After spending months not talking to Chancellor Jim Rogers about the funding and future of higher education in Nevada, Gov. Jim Gibbons made it official this week. He said he’d address university system issues only through a liaison.
This, of course, came as no surprise to Rogers. Rogers has taken plenty of criticism for heating up Gibbons, calling him names, questioning his soul, and generally taking issue with what the chancellor sees as a lack of commitment to higher education in Nevada.
Rogers is right, of course. He’s been right all along. Higher education has taken a back seat in a horse-and-buggy in Nevada since statehood. Gibbons is a go-along, get-along political hack with no real vision for Nevada’s future. He’s adamantly anti-tax, but he’s not raising a ruckus about a large room-tax increase, and he’ll be more than happy to accept federal stimulus dollars that will make the math a little easier in the latest budget-carving session of the Legislature.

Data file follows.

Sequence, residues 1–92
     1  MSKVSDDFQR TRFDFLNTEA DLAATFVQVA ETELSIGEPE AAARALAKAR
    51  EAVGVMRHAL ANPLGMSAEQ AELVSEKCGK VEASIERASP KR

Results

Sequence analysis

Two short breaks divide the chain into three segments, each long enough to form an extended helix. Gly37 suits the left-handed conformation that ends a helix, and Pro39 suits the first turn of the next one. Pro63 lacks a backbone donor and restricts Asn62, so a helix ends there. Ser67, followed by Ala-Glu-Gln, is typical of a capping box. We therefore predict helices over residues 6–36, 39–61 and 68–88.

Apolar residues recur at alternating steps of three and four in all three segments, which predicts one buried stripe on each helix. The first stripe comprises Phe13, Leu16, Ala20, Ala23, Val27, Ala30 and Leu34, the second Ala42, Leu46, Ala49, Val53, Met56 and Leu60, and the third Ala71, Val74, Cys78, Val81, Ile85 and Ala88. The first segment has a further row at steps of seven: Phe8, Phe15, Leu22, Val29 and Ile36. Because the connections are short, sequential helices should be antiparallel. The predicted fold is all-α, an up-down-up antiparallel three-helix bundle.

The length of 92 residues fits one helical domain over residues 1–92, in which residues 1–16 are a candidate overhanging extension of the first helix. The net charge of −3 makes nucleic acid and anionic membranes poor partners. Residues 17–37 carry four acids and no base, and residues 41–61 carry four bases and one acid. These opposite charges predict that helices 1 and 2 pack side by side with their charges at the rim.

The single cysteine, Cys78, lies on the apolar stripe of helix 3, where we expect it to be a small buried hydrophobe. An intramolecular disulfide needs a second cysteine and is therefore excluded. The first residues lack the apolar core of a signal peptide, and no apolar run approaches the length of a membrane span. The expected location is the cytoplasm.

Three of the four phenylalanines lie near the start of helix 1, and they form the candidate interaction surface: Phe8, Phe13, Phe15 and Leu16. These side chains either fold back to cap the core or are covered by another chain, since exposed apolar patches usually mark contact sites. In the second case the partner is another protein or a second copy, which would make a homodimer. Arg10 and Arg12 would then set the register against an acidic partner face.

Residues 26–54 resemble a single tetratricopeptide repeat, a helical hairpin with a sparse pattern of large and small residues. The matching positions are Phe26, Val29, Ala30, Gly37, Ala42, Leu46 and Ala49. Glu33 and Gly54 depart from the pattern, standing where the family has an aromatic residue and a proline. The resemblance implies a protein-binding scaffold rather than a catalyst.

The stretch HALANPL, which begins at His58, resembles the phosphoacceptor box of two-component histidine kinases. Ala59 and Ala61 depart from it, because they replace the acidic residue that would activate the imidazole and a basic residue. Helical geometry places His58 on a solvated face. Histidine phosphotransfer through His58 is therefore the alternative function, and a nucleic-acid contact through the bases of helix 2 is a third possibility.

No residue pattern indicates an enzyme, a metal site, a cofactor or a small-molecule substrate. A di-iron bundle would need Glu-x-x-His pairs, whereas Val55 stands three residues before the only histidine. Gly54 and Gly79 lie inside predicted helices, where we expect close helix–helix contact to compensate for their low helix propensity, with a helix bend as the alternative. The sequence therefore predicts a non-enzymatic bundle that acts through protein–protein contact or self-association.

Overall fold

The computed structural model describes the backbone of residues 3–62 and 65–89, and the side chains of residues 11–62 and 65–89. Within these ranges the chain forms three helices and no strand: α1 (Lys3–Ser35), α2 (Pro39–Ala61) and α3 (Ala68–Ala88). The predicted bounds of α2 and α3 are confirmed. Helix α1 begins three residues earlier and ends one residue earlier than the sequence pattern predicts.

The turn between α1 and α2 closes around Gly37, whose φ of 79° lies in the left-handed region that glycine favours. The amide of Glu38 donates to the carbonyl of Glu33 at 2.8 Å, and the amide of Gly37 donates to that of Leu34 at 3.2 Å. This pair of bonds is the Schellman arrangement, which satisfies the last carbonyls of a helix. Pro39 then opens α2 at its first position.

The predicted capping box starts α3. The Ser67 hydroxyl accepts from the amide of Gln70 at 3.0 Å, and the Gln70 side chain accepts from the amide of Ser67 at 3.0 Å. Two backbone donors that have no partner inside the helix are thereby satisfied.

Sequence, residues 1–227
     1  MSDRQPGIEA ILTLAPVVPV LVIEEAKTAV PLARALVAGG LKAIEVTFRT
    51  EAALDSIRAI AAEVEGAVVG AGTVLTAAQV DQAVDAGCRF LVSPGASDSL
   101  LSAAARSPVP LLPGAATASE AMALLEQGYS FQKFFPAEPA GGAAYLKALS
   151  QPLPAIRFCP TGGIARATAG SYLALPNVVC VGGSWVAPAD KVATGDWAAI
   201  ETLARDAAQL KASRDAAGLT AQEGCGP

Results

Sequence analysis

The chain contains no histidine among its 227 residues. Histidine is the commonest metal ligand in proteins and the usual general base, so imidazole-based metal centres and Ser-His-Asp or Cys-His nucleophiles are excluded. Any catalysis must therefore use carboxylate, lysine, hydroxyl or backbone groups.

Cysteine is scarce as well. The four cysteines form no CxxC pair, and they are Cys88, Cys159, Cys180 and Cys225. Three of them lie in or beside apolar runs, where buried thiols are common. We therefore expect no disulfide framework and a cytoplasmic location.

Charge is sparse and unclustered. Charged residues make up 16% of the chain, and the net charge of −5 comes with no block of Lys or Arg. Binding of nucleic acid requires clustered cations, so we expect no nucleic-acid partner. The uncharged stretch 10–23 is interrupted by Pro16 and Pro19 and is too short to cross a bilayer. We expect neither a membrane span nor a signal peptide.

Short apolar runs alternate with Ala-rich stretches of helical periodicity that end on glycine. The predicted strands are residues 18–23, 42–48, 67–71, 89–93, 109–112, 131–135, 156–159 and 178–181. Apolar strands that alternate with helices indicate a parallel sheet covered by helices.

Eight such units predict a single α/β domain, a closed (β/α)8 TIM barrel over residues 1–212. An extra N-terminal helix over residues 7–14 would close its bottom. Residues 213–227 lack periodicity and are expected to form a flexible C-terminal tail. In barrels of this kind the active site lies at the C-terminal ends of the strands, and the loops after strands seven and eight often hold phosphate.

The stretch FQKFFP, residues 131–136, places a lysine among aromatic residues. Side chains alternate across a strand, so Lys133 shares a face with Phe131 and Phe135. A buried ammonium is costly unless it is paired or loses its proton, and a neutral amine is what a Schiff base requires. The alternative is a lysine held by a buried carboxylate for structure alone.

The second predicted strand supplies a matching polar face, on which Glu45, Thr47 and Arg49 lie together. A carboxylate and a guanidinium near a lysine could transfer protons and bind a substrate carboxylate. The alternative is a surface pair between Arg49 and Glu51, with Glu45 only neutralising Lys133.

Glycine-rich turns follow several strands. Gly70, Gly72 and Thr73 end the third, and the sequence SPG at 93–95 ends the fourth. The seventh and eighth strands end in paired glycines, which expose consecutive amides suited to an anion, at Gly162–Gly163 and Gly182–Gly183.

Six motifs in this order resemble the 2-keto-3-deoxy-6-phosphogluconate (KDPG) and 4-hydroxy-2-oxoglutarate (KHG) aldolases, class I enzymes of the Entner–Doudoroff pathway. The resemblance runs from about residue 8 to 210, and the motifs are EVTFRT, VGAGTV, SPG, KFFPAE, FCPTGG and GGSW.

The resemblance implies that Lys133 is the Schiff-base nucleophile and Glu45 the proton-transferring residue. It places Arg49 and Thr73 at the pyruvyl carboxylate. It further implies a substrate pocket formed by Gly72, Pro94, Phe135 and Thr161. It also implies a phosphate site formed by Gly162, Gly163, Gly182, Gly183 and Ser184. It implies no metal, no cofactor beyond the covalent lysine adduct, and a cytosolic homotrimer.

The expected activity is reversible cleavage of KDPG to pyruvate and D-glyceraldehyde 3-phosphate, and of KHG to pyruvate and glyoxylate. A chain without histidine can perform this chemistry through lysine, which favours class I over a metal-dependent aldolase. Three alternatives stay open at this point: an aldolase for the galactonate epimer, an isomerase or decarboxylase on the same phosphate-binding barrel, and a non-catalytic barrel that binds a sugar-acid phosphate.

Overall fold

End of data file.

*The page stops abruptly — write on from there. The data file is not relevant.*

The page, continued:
Critics will contend Rogers didn’t play his cards right, but the truth is Gibbons was never going to see the world the chancellor’s way. They approach reality from opposite ends of the Earth. Rogers knows the only way for a state university system to succeed in the long run is to enjoy consistent, generous, long-term funding both from the public and private sectors. With few exceptions, Nevada sports a gaggle of billionaires who don’t give more than table scraps to the university system – and are rarely criticized about it.
When Gibbons took office, clinging even then to a no-new taxes pledge that made him the state’s Maytag repairman, it was clear even then he would clash with the extremely outspoken Rogers.
And so they’ve clashed on a regular basis. It’s no big surprise and not even very newsworthy.
Gibbons’ strategy has essentially been to ignore Rogers and his pointed opinions about the importance of higher education in Nevada. And it’s worked thanks in large part to a recession economy and the fact so few of Nevada’s major business and media players give a damn whether your kids get a good, affordable public university education.
Gibbons has hunkered down and will look responsible in the current economic climate for creating a budget that is in no one’s best interests and must be rewritten by the Legislature. It’s a game plan for re-election, and it may yet work to his benefit.